Robert Boykin of the University of South Carolina presents his research to classmates during a summer course in software engineering led by Dr. Junhua Ding. (Photos by Cliff Hollis.)
Grant-funded ECU course teaches research practices to undergraduates
By Kathryn Kennedy
ECU News Services
A group of 10 undergraduate students got an opportunity to conduct graduate-level research this summer through a grant-funded program based in software engineering at East Carolina University.
Intended to expand students’ critical thinking skills and prompt interest in graduate programs, “Software Testing: Foundations, Applications and Tools” accepted students from ECU and five other universities spread across three states. College of Technology and Computer Science professor Dr. Junhua Ding led the 10-week course.
“At my school, nobody does research unless you’re a grad student,” said Elijah Adams, a rising senior at UNC-Greensboro. He said that his work at ECU this summer went beyond the foundations and theory courses that have made up his college experience thus far.
Dr. Junhua Ding
“It’s not just knowing to press a button to test (a software program), but asking why do I need to press that button and knowing what tools to use,” Ding explained.
Students spent much of the course working on a project of their choosing. Some were interested in cloud computing, others in data mining, security systems or mobile applications. But each was exposed – for the first time – to the research process: Selecting a topic, surveying existing works, presenting findings, writing reports, making revisions, conducting experiments and citing references.
It was the first “Research Experience for Undergraduates” project funded at ECU, according to Dr. Mary Farwell, director of undergraduate research. The National Science Foundation award totaled approximately $360,000 and the course will be offered again next summer.
“Undergraduate research is a crucial program as it allows students to engage in their subjects outside of a traditional classroom environment,” said Farwell. “It has been shown to promote retention in the sciences, retention at the university and it assists students in making career decisions.”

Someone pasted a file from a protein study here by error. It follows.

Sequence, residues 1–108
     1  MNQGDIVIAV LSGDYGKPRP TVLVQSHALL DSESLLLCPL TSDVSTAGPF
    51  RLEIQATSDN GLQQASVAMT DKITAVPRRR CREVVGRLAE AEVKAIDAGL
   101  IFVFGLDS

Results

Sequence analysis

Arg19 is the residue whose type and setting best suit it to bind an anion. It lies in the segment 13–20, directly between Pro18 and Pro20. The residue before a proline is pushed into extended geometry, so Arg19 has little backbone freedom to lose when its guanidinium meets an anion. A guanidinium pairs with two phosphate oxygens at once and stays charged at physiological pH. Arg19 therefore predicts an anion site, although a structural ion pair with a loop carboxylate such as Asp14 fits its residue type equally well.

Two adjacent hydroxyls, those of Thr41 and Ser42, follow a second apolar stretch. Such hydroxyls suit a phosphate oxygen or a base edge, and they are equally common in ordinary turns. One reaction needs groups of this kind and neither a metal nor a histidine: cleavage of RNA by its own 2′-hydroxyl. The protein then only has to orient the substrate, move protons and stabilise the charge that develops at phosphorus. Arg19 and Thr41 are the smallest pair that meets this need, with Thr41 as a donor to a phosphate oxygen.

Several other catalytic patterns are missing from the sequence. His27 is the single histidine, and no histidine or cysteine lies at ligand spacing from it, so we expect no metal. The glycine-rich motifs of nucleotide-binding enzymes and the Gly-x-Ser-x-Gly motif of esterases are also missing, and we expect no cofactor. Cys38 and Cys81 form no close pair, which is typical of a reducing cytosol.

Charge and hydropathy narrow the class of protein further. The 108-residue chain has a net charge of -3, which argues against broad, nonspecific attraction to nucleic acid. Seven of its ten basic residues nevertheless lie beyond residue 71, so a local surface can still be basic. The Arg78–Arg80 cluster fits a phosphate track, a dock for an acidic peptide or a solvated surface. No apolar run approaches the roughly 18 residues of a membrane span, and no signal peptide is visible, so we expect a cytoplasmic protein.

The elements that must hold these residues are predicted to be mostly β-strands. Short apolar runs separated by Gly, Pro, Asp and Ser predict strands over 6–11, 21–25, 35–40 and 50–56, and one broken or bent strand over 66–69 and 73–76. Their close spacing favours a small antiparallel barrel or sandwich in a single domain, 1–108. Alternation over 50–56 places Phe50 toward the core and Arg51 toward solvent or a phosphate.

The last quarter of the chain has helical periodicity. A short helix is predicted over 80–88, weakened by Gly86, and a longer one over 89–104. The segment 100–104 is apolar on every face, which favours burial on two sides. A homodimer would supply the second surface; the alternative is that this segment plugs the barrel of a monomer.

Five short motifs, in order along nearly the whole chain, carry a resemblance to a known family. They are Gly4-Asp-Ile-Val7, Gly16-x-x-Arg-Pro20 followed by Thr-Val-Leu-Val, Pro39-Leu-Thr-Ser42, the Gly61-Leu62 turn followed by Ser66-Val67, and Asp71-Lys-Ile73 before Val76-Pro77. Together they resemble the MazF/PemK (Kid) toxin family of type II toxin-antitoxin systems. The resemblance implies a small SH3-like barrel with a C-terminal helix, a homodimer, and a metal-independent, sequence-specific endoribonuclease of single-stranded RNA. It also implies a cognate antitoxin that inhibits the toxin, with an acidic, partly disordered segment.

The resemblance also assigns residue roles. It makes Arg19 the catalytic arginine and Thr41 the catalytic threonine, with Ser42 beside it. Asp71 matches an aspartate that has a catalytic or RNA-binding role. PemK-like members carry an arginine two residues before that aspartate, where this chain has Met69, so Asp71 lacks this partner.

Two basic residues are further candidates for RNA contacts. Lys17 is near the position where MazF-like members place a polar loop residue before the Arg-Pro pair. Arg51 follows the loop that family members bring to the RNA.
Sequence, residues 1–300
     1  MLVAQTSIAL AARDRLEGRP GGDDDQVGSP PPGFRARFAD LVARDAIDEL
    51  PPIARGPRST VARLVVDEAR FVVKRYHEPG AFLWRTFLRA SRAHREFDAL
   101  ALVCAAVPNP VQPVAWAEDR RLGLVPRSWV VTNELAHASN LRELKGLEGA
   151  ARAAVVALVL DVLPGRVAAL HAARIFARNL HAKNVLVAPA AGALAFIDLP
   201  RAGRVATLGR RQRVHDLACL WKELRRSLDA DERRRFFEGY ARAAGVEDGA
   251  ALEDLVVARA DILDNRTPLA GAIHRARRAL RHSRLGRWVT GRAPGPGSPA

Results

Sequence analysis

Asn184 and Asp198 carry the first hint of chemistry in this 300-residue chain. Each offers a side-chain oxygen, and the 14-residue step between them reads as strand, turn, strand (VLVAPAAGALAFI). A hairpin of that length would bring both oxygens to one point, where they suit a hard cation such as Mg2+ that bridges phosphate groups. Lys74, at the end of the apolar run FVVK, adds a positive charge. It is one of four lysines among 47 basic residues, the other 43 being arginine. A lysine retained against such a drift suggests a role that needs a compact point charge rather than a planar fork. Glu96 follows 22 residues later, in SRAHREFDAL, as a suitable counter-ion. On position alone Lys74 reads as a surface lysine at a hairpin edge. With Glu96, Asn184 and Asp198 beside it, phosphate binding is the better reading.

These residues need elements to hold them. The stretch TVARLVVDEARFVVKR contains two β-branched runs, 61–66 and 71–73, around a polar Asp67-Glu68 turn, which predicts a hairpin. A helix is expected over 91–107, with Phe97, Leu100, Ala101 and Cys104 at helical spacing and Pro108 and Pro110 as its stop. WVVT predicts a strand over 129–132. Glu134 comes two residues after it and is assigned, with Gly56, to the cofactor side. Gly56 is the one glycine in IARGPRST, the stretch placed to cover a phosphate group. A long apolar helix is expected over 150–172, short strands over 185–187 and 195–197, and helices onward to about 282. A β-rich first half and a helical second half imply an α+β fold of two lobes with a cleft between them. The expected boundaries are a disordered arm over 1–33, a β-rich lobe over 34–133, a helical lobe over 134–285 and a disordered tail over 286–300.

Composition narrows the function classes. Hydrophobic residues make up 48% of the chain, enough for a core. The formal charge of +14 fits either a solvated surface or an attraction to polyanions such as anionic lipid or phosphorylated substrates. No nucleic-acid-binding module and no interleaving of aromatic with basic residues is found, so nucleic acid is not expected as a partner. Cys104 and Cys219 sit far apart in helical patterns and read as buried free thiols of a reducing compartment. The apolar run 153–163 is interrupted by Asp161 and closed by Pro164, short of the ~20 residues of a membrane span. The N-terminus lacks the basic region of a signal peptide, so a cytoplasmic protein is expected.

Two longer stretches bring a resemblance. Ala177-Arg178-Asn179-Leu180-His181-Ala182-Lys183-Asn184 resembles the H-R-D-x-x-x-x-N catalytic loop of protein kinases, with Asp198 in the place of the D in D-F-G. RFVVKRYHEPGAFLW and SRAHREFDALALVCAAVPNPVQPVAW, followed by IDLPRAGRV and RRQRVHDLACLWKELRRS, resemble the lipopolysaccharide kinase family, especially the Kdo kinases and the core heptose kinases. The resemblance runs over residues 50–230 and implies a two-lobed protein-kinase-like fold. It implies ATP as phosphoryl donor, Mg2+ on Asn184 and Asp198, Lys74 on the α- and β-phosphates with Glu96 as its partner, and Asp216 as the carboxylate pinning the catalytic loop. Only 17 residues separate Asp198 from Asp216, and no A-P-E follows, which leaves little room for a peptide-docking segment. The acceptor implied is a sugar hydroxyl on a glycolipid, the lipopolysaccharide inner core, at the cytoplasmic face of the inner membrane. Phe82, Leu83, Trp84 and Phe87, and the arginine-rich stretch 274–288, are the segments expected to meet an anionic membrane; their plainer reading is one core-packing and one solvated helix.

Participating students agreed that the course curriculum was outside the normal scope of their studies.
“In my major, I just sit in a classroom and take in information,” said N.C. Central University senior Yesenia Velasco. “This is a lot more applied. It takes you out of your safety box.”
“As soon as I understand a concept, then I create (a software test) for myself,” she added. “It’s like making your own math formulas. You usually don’t do that, you just use them.”
ECU senior Brandi Amstutz said the class was “much more personal” than other classes because of the small size. And she said it was easier to ask questions of the professors and graduate mentors.
Adams said it was also a boon for his self-confidence.
“If you introduce (research) to us now, now I’m not scared,” he explained. “I’m like, ‘I can go to grad school. Research? I can do this all day!’”
Other students in the class were Robert Boykin of the University of South Carolina, Rob Grimes of Georgia College at Milledgeville, Lewis Whitley of UNC-Pembroke and Andre Anglin, John Darrow, Ernest Holston and Asa Kamali, all of ECU.
The course ended July 26.
Elijah Adams, a rising senior at UNC-Greensboro, became interested in attending graduate school during a summer course at ECU.